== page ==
as reviewed by Tom.
Cinema Review: Vue Plymouth (26/4/19)
Avengers: Endgame is a film with the unenviable job of being the culmination and celebration of 11 years of film making encompassing 22 films. It is tasked with tying up innumerable loose threads in a way that is not only coherent and satisfying, but also rewarding for those who have emotionally (and financially) invested over a decade of their lives to the unique and unprecedented narrative arc of the Marvel Cinematic Universe (MCU). To get to the point, Endgame succeeds in this with admirable aplomb. Needless to say, there are plenty of 'spoilers' out there if you care to find them, but the intention is that there aren’t any here.
The title itself, however, hints at some kind of finality and, with quite a few of the chess pieces missing from the board, much of the film's slow-burning first act is sombre and surprisingly brooding, as the survivors of the cataclysmic events of 2018's Avengers: Infinity War cope with the aftermath. It is a bold move to start the film in such a protracted way, but it seems very intentional, and all the more impactful when viewed through the lens of the devastation of Infinity War. What has set the MCU apart from many other films of its type is that actions are seen to have very real consequences, and character takes centre stage. In the case of Endgame, the stage is a shattered reality and a fragmented group of heroes tentatively working out if, and how, anything can be done to resolve the grave course of events set in motion by Thanos. What strikes me most about Endgame is that it manages to balance dramatic heft and maturity with the trademark wit and sparkle of the Marvel schtick, providing the acting ensemble with some truly memorable and moving moments in the process. The film particularly touches on the idea of survivor’s guilt, and each of the remaining Avengers deals with it in ways that are true to their established character.
As the plot unfolds, it appears that pretty much nothing has happened by accident in the overarching narrative of the MCU thus far – or at least, if it has, the writers, directors and producers (more on them later), have done a beautiful job of tying it all together as if it was meant to in the first place. What may seem like incidental plot devices in previous Marvel films play a crucial role, and characters previously less prominent in the franchise are given heroic moments to shine. Inevitably, surprises, emotional rug pulls and air-punches abound, and the film has a visceral intensity as it builds towards its conclusion. Complementing the compelling storytelling, veteran composer Alan Silvestri returns with a suitably blockbusting score. His signature dish of vibrant horns, swirling strings and bold melodies are to the fore, referencing his previous work on the series, and furnishing the film with added grandeur.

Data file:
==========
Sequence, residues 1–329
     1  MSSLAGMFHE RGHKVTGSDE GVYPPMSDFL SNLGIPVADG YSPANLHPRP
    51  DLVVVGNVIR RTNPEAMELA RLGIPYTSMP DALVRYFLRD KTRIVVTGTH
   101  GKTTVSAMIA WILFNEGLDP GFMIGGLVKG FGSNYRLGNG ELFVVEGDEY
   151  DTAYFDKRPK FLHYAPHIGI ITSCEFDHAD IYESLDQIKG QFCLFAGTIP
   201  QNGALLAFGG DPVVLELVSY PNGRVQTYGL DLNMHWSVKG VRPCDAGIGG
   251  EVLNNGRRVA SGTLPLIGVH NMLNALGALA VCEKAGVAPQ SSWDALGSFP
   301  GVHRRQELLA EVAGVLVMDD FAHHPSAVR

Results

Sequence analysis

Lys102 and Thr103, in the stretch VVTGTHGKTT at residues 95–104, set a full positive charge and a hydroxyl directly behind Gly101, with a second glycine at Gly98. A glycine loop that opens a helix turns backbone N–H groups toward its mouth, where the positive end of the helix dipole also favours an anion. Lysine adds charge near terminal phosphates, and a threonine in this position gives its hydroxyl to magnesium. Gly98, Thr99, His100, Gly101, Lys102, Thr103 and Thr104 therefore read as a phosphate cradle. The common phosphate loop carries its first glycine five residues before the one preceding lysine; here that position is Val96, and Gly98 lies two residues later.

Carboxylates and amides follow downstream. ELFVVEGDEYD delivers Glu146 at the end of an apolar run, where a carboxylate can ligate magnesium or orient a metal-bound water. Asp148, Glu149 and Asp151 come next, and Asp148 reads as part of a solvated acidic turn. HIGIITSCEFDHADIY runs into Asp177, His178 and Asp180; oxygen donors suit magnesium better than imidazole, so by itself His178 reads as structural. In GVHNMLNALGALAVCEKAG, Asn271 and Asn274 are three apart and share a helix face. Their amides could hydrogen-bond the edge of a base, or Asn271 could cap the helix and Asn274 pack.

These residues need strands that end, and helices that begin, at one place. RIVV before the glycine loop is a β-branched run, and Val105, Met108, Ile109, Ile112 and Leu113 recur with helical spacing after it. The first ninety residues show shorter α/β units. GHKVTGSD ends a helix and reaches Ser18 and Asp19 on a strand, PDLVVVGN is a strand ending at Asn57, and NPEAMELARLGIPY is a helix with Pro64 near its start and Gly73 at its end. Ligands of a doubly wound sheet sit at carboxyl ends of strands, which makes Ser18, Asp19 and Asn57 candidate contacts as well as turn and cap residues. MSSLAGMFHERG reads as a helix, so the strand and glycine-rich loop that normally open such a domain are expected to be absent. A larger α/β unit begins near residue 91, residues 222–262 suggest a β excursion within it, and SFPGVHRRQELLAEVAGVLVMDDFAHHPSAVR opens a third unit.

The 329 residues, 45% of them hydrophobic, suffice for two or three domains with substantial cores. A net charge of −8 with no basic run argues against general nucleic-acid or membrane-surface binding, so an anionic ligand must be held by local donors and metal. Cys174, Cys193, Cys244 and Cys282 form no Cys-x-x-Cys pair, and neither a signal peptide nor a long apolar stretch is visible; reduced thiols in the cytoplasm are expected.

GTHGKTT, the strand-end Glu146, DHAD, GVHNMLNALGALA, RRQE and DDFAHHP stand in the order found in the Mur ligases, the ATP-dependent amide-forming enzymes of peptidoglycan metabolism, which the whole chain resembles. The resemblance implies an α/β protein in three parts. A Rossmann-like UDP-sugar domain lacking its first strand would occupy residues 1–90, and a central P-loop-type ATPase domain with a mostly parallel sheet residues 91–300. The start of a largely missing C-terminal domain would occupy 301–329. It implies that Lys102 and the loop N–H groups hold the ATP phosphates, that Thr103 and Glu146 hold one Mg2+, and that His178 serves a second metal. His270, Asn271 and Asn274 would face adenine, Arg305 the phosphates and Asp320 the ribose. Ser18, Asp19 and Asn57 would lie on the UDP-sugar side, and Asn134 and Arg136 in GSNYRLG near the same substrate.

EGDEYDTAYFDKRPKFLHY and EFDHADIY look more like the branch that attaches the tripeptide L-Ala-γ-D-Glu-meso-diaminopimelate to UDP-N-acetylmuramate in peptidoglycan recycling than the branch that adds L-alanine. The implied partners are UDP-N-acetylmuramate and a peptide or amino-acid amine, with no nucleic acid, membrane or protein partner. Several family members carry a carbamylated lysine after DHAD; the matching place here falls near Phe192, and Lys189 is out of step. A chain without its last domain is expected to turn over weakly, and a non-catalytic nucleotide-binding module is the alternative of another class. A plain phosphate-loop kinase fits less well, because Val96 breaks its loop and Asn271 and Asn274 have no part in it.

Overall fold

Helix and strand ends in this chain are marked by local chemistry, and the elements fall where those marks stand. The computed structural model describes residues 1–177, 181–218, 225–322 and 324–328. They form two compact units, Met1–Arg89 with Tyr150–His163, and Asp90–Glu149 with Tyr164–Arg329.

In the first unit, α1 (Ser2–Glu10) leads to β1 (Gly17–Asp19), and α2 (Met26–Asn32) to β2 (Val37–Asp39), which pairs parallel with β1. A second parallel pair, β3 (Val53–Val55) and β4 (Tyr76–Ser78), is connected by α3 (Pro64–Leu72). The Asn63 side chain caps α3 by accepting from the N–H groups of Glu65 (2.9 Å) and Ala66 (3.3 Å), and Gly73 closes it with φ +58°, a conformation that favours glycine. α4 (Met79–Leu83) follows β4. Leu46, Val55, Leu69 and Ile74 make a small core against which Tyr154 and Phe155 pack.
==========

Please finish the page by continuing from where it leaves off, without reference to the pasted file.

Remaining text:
Much like the closing chapters of the ‘Harry Potter’ series or ‘Lord of the Rings’, (particularly 2003’s multi-award winning The Lord of the Rings: The Return of the King, to which it has been compared), Endgame is made all the richer by, at the very least, an awareness of what has come before. For a whole generation who have grown up intertwined with the intricate narrative arc of the MCU, it is the film they deserve. With a gargantuan franchise such as this, there will be fans who wish it was something else and who will have constructed their own version of what Endgame should or shouldn't be. Leave them to it. For writers Christopher Markus and Stephen McFeely, and directors Anthony and Joe Russo – each responsible for some of the most potent moments and commercially successful entries in the franchise – Endgame is a labour of love; a carefully constructed resolution that is an ode to the mythos and sheer resolve of the Marvel machine and – yes, I'll say it – a love letter to the fans. Let us not forget the mastermind behind the whole 11-year saga – producer and Marvel Studios President, Kevin Feige. Who would have thought that when he sat down with director Jon Favreau in 2006 to map out 2008’s Iron Man, that it would not only lead to such a game-changing and box-office beating series of interconnected stories, but result in a film that unequivocally pulls of the landing? Marvel’s next move is still under wraps, but artistically and commercially, it would be really quite churlish to deny that Endgame should be classified as anything other than a triumph.